has three directional antennas and the existing phones can only be
located to within one of the three segments.

You method might work well in a "free-space" environment but it won't
work in cities. Most of the cell phones here in the states operate at
around 2 GHz. At those frequencies the signal acts like light and
bounces off almost everything. So you have multi-path distortion
which will cause your delay times to bounce all over the chart.

My boss has informed us that we are going to get new cell phones that
are GPS enabled. Hence my question about blue tooth and GPS. Our
current phones are not GPS enabled phones.

Jack
Anonymous
February 6, 2005 9:29:55 PM

Archived from groups: comp.sys.palmtops.pilot (More info?)

Jack napsal(a):
> On Mon, 31 Jan 2005 08:55:49 +0100, Marek Stan?k
> <marekdotstanek@post.cz> wrote:
>
>
>>Jack napsal(a):
>>
>>>You could very well be right about the brain fart.
>>>
>>>Currently the cell phones are located by finding out which cell they
>>>are working in. That locates them to an area, not an exact address.
>>>The new USA FCC rules require that the phone be locateable to within
>>>feet of it's actual located when it connects to the 911 system. This
>>>means that the phone knows where it is and sends that info to the 911
>>>system. The only way to do that is with the GPS system.
>>
>>Not at all. The phone can most of the time "see" more cells than the one
>>it communicates through. During a call / data transfer the phone
>>measures the time lag from respective cells, and a special application
>>(here in Europe most often storen on a SIM card usin SIMtoolkit API)
>>send these data to the operator, which triangulates the phone's location
>>using BTS database. If you need on-the-fly localisation of the
>>respective phone, the provider sends the coordinates back via a GPRS
>>data transfer in form of NMEA datagrams, which you can route into your
>>mapping software.
>>In densely covered areas this method is accurate down to meters, in
>>rural areas down to tens of meters. Generally, if you "see" 3 cells, you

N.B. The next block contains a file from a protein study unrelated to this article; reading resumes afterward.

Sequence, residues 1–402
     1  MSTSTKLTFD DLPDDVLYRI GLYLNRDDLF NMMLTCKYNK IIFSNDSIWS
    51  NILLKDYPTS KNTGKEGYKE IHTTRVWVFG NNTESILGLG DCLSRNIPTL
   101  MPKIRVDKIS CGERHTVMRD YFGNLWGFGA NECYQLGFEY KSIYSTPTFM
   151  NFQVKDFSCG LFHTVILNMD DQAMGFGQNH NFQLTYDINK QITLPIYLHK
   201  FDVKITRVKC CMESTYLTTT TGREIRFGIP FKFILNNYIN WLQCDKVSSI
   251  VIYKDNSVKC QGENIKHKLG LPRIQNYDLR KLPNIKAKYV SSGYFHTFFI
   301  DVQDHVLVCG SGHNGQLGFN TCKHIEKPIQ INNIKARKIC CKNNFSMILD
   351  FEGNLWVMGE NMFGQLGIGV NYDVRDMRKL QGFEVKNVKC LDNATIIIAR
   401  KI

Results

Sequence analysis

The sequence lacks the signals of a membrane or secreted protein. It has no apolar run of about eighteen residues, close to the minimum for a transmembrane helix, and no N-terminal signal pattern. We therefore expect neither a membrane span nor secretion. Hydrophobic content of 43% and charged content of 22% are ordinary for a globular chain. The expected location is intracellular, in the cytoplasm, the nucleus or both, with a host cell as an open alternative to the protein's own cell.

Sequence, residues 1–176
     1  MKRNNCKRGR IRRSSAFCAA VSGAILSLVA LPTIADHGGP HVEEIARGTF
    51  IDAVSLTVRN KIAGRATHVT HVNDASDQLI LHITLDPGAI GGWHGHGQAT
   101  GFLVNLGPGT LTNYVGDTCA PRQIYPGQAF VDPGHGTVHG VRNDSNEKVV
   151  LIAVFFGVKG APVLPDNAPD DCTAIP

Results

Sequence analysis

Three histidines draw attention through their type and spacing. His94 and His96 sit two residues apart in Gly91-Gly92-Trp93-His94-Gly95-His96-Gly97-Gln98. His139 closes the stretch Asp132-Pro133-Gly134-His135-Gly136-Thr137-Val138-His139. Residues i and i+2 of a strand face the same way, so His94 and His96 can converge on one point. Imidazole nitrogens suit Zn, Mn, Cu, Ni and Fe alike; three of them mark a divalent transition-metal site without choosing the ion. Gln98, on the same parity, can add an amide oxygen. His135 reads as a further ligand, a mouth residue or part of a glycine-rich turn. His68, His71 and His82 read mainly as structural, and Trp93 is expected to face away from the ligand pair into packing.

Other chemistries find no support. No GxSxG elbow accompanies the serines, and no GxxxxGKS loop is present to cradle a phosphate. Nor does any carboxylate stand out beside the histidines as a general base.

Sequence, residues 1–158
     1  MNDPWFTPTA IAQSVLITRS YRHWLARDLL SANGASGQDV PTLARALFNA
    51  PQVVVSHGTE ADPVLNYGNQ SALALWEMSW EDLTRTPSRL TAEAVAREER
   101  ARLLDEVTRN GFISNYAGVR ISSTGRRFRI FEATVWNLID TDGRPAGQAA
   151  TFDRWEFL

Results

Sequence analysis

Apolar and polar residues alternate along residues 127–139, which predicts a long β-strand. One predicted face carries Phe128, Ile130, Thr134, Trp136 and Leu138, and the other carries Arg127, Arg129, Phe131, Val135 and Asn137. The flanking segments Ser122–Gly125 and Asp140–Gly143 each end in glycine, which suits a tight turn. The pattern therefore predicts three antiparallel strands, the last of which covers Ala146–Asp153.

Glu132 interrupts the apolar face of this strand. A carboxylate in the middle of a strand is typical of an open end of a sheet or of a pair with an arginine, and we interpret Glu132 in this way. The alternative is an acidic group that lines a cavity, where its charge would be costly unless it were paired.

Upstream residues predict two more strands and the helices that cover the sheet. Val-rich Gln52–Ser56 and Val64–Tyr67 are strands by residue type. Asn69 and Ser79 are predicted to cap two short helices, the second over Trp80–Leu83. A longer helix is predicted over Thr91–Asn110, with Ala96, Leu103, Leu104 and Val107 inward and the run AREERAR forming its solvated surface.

>>are pinpointed, with 2 you get 2 points at which you can be, with a
>>single cell available you get a circular arc (dependin on the coverage
>>of the respective aerial of the cell).
>>In real life, because nondirectional aerials are not used anymore, you
>>get overlapping arcs, and the providers software "guesses" your exact
>>location in the area using statistical calculations. Voila, you won't
>>hide from me :-)
>>
>>I can only add that this method was first used here in Czech republic,
>>five years from now, and many spedition companies use it in thousands of
>>trucks. You only need SIMtoolkit compatible phone in the car, a
>>Localizer-enabled SIM card, and a computer with GPRS modem in your
>>dispatch centre. The software is provided by your cellular provider at
>>no charge, you only pay a reasonable monthly fee and data transferred
>>(which isn't much, as one NMEA datagram is <128bytes and you only need
>>to update your position if you move by say 100 meters). Much cheaper
>>than GPS receivers + software.
>>Mark
>
>
> It isn't that way here in the US. I currently have a Sprint PCS cell
> phone through my job. That phone can NOT be located any closer than
> one of the three segments that a cell covers. Each cell base station
> has three directional antennas and the existing phones can only be
> located to within one of the three segments.
>
> You method might work well in a "free-space" environment but it won't
> work in cities. Most of the cell phones here in the states operate at
> around 2 GHz. At those frequencies the signal acts like light and
> bounces off almost everything. So you have multi-path distortion
> which will cause your delay times to bounce all over the chart.
>
> My boss has informed us that we are going to get new cell phones that
> are GPS enabled. Hence my question about blue tooth and GPS. Our
> current phones are not GPS enabled phones.
>
> Jack

I works satisfactorily well even in the 1800MHz range. The aerials in
this range are only used as micro-cells, providing coverage for the
width of one street to a distance of several blocks, or for a single
boulding. The accuracy is more than enough for the purpose.
Mark

--
The last easy day was yesterday.
!